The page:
Manchester United vs Liverpool: I like it when the crowd hate you. Anyway I can’t understand them - Jurgen Klopp

Liverpool hold a 2-0 lead heading into the second-leg of the Europa League tie with Manchester United

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The Independent Football

He was asked about the noise that 70,000 voices will make. He was asked about how he would deal with a Manchester United side that would hurl itself at Liverpool on Thursday evening. He was asked about the well-researched fact that no manager in 80 years had ever won his first match at Old Trafford. To all those questions Jürgen Klopp smiled in the knowledge that his side were 2-0 up from the first leg. There was nothing much more to add.

“There will be a good atmosphere at Old Trafford and I like it when all the people hate you,” the Liverpool manager said. “I don’t understand what the crowd are singing so it is easy for me. In Liverpool the atmosphere was special for the first leg but, if we had played poorly, it would not have been that easy for us. We will decide how good the atmosphere is.

“This will not be a game between the fans of Manchester United and Liverpool but two good teams against each other,” Klopp added. 

“Everyone is talking about how Manchester United will strike back. We are here with one of the best first-leg results you can get. Why should we find anything negative in this situation? To go through, all we have to do is play as well as we know we can.”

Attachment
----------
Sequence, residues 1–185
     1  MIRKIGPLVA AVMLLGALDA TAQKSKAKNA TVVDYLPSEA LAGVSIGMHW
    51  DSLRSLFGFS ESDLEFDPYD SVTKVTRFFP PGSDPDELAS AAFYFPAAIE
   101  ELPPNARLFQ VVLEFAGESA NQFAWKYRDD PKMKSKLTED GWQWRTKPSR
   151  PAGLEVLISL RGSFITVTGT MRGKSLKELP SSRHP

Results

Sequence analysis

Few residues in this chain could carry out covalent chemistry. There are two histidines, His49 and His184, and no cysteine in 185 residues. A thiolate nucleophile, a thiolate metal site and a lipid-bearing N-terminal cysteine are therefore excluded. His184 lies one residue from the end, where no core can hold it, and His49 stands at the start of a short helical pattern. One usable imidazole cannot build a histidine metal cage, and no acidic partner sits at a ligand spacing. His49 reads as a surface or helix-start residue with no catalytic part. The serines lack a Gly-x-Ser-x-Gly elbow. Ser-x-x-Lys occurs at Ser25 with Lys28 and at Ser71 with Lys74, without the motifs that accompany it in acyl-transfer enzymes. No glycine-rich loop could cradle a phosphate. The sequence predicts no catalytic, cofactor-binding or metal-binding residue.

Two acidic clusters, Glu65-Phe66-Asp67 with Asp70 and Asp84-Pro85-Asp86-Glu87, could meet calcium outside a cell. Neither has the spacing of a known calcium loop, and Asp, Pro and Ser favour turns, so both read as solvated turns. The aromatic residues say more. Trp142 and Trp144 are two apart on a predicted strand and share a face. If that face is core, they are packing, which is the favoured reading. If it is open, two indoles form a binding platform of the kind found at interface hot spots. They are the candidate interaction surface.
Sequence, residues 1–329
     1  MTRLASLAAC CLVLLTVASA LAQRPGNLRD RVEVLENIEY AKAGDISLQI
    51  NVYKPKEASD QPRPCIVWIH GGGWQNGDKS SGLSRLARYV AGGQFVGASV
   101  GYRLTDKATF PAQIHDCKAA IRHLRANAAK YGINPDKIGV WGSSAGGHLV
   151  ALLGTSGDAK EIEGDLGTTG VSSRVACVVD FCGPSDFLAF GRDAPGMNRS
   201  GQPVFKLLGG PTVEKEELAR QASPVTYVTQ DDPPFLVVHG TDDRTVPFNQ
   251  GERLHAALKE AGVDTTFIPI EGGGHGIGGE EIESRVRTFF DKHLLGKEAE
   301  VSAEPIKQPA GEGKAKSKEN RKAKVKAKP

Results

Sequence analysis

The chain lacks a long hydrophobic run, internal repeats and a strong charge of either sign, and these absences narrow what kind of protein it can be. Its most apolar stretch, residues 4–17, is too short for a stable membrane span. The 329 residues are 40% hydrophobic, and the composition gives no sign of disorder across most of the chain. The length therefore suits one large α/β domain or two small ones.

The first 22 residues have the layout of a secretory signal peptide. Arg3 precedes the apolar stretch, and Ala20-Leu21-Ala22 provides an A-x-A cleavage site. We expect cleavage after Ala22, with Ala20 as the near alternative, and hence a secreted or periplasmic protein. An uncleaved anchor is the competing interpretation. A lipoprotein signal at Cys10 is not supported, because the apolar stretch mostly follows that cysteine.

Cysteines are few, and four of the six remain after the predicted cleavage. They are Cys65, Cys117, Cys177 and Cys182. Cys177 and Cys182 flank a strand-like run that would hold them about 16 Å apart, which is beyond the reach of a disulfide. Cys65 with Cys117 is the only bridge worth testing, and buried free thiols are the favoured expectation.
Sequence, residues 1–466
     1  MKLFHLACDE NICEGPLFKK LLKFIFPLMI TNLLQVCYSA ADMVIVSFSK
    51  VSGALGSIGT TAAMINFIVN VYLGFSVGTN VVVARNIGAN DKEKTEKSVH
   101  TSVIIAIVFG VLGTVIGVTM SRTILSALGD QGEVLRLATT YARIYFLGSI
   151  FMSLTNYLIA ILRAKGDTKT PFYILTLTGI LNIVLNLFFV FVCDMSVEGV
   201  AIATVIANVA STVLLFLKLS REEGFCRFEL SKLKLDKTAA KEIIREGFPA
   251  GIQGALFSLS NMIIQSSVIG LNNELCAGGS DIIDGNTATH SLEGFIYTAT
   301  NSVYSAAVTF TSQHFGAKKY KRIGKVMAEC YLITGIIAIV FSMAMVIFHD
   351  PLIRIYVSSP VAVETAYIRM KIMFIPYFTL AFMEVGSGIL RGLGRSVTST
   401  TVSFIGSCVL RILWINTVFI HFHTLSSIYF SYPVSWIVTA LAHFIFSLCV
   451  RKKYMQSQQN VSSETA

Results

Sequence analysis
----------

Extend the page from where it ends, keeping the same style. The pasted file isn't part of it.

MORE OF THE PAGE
Like United under Louis van Gaal, Klopp’s Liverpool have tended to perform better on the grand occasion. They have lost away to Watford and Newcastle and yet put seven goals past Manchester City over two matches and destroyed United in the Europa League first leg of what for both clubs was their game of the season. 

Liverpool would have been more likely to have faltered away to Augsburg in the last round than at Old Trafford. In the eight previous matches in the Europa League before they pressed and suffocated United to death at Anfield, Liverpool had averaged less than a goal a game.

Klopp’s captain, Jordan Henderson, claimed: “When we are firing on all cylinders, there are not many teams that can live with us.” What he might have added is that no team playing as supinely as United did at Anfield in the first leg would have kept Liverpool at bay. 

Unlike Van Gaal, who chose not to train at Anfield or take his team across to Merseyside the night before the first leg, Klopp has treated the return game as if it were a normal European tie. Liverpool checked into a Manchester hotel and trained at their opponents’ ground.

“I like to take the opportunity to breathe in the stadium,” Klopp said. “I like to imagine what can happen the next day and I have always enjoyed walking round the opposition stadium the night before. I had no doubt after the draw that we would take the opportunity to do it.”

Klopp smiled when asked what he would be imagining as he stared out at Old Trafford’s empty stands as Liverpool went through their training routine. “The ball is round, everything can happen,” he smiled, echoing a quote from the former West Germany coach Sepp Herberger, who ironically managed to win the 1954 World Cup final after going two goals down against Hungary.

“We are not scared or afraid, we have a chance and we have done the best we can do,” said Klopp. “Our position is good but not perfect and this won’t be a holiday but it will be some real hard work. I knew it would be before the draw and I knew it after the first leg. But I feel better now because I don’t have to wait another five days for the match.

“We want to take this chance and we want to take it for us. That is all. If you want something, it doesn’t mean you are going to get it. A lot of times in life you don’t get what you want.”